Hellabrunn

German Zoo Fans Are Taken With This Takin

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A Mishmi Takin calf at Hellabrunn Zoo is already displaying the skills required to be a Takin: climbing, fighting, and leaping onto rocks. 

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Photo Credit:  Tierpark Hellabrunn/Marc Müller

Born on February 19, the calf, named Paulina, displays her amazing climbing skills by springing onto rocks more than twice her height. Adult Mishmi Takins can leap more than 12 feet.

Paulina was born to female Kim, who is nursing her calf and being a good mother.  The calf stood on her first try - an essential requirement for prey that need to run to survive.

Aside from mother’s milk, Paulina has nibbled on all the food that adult Takins like to eat, including carrots, hay, and pine needles. 

Both female and male Takins have distinctive short, stout horns that curve upwards from the center of the head. Signs of baby Paulina’s horn growth began to appear three days after birth. This makes the little calf look like a mini version of her mother, who is nicknamed "Sporty Kim" by her keepers because she is so energetic.

Paulina follows Kim's every move and tests the power of her little horns by annoying her father, Till, who takes everything in stride.

Mishmi Takins are native to southeast Tibet, China's southwest Yunnan province, northeast India, and northern Myanmar. Their stocky, muscular bodies and two-toed hooves are well-suited to their mountainous habitat.  Their thick, shaggy coats are covered by an oily substance secreted by the skin, which protects against the cold, damp air of the Himalayas.

See more photos of the Takin calf below.

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After 11 Years, Hellabrunn Zoo Welcomes A King Penguin Chick

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A fluffy newborn chick has come along to steal the show at Munich's Hellabrunn Zoo! The chick is the first King Penguin to be born at the zoo in 11 years. The father, 22-year-old Nautilus, and the mother, 11-year-old Rocio, keep a watchful eye on their little one, who hatched on October 11.  

King Penguins are notoriously difficult to breed. First, compatible partners have to be brought together, and then both parents have to take turns incubating the egg, guarding the chick and foraging for food to feed the newborn.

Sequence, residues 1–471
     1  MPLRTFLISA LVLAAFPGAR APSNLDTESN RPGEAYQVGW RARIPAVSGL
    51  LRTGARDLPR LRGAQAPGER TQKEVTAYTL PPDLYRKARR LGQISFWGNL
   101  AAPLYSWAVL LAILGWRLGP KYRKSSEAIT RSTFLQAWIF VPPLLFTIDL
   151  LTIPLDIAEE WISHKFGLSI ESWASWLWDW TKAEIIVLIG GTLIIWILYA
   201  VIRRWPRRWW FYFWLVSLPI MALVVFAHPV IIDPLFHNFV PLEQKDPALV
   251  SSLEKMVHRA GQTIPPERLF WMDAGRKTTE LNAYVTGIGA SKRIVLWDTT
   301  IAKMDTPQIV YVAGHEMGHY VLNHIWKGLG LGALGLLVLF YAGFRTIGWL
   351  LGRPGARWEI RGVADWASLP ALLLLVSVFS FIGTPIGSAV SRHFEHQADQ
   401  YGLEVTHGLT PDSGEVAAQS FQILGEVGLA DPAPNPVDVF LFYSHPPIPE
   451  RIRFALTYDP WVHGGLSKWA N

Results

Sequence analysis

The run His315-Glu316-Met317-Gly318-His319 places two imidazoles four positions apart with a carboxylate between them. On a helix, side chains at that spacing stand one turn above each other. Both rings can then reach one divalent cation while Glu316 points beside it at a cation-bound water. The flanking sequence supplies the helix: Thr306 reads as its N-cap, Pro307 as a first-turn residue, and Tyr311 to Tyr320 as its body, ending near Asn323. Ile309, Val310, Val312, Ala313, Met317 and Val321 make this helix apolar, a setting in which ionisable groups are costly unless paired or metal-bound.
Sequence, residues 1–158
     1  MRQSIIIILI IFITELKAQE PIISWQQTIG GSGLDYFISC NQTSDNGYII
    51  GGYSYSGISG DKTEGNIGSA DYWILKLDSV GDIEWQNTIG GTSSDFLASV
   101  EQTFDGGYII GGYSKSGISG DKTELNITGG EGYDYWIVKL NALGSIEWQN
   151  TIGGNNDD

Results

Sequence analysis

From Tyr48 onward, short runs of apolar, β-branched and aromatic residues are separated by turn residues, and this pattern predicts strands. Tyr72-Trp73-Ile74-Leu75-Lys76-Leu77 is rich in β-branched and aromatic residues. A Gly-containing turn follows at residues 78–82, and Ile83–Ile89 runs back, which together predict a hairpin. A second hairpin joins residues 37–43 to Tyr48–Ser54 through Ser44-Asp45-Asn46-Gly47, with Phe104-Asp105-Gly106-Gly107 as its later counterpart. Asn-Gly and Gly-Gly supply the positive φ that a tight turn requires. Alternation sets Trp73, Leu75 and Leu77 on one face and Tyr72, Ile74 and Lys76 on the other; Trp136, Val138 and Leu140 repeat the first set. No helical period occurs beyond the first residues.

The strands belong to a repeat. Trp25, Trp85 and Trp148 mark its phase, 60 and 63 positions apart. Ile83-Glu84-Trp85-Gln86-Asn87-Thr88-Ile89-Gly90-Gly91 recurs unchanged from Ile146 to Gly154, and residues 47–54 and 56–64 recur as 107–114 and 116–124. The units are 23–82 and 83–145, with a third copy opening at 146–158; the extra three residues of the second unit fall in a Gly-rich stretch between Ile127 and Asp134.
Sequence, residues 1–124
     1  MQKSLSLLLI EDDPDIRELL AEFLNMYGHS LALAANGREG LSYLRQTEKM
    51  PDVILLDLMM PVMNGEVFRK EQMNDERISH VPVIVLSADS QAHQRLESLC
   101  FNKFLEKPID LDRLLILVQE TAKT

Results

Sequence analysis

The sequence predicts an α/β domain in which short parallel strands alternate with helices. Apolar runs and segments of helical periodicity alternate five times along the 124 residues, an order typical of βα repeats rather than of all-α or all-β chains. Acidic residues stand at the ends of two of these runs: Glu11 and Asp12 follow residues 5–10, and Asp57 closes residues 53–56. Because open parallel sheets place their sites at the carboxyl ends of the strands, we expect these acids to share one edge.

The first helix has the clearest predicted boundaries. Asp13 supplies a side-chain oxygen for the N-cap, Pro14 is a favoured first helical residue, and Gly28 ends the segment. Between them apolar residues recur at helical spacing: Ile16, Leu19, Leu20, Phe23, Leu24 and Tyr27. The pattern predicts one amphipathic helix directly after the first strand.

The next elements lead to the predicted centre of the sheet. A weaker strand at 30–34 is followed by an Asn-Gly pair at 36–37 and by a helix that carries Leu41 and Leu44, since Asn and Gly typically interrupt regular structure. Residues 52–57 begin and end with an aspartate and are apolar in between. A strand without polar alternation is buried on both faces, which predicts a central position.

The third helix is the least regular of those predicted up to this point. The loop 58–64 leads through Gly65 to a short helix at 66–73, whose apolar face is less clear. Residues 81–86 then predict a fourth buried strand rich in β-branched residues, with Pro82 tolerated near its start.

For about 55 days, both parents took turns sitting on the egg. Once the chick emerged from the egg, the mother and father have alternated between guarding the newborn and foraging for food. The chick is fed regurgitated fish up to 20 times a day. Whenever the chick is hungry, it makes a unique begging call to attract the parents’ attention.

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1 penguinPhoto credit: Tierpark Hellabrunn/Marc Müller

"Our little King Penguin is doing great! And it’s well looked after by its parents,” says Zoo Director Rasem Baban. “In about seven months, after the molt, we will be able to take a sample of its feathers and run some DNA tests to determine if it is male or female. But no matter what gender it is, the birth of a King Penguin chick after 11 years is a great success."

See and read more after the fold.

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UPDATE: Polar Bear Twins Visit the Vet

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Twin Polar Bears born on December 9 at Munich’s Hellabrunn Zoo got their first medical checkup last week and were proclaimed in excellent health.

You first met the twins on ZooBorns just a few weeks after they were born to mother Giovanna, age 7, and father Yoghi, age 14.  For the twins’ exam, zoo staff members separated the babies from Giovanna for the first time. 

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Photo Credit:  Munich Zoo Hellabrunn

 


The zoo’s three veterinarians performed a quick medical checkup.  They weighed the babies, determined their gender, and inserted an identification chip in each cub.  After just five minutes with the vets, the cubs were returned to Giovanna, who conducted her own very detailed inspection of her cubs before allowing them to nurse.

"As I suspected, the twins are a girl and a boy. And quite surprisingly, the girl is considerably stronger, weighing 5.4 kg (12 lb). The darker of the two is the boy, who weighs 4.6 kg (10 lb)," says zoo director Dr. Andreas Knieriem. 

Dr. Christine Gohl is equally impressed: "The polar bear babies are healthy. The chips mean they now also have an 'identity card' and can be properly registered in Hellabrunn Zoo's animal database."